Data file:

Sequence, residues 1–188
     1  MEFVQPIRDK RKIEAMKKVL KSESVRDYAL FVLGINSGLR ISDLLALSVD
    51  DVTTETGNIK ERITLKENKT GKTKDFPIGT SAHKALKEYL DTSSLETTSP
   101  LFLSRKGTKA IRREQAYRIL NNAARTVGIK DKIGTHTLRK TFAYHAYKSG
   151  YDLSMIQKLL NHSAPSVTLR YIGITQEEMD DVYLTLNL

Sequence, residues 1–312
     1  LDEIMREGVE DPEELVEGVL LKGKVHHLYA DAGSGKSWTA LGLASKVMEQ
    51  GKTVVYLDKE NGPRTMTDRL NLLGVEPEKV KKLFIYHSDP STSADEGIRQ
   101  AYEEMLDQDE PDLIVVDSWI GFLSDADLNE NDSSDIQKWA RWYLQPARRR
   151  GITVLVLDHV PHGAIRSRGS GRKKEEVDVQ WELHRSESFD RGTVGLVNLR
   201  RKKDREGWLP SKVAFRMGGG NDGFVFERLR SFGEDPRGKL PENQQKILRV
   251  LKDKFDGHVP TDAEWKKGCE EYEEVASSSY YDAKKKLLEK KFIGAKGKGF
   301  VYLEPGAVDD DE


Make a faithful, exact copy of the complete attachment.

Sequence, residues 1–188
     1  MEFVQPIRDK RKIEAMKKVL KSESVRDYAL FVLGINSGLR ISDLLALSVD
    51  DVTTETGNIK ERITLKENKT GKTKDFPIGT SAHKALKEYL DTSSLETTSP
   101  LFLSRKGTKA IRREQAYRIL NNAARTVGIK DKIGTHTLRK TFAYHAYKSG
   151  YDLSMIQKLL NHSAPSVTLR YIGITQEEMD DVYLTLNL

Sequence, residues 1–312
     1  LDEIMREGVE DPEELVEGVL LKGKVHHLYA DAGSGKSWTA LGLASKVMEQ
    51  GKTVVYLDKE NGPRTMTDRL NLLGVEPEKV KKLFIYHSDP STSADEGIRQ
   101  AYEEMLDQDE PDLIVVDSWI GFLSDADLNE NDSSDIQKWA RWYLQPARRR
   151  GITVLVLDHV PHGAIRSRGS GRKKEEVDVQ WELHRSESFD RGTVGLVNLR
   201  RKKDREGWLP SKVAFRMGGG NDGFVFERLR SFGEDPRGKL PENQQKILRV
   251  LKDKFDGHVP TDAEWKKGCE EYEEVASSSY YDAKKKLLEK KFIGAKGKGF
   301  VYLEPGAVDD DE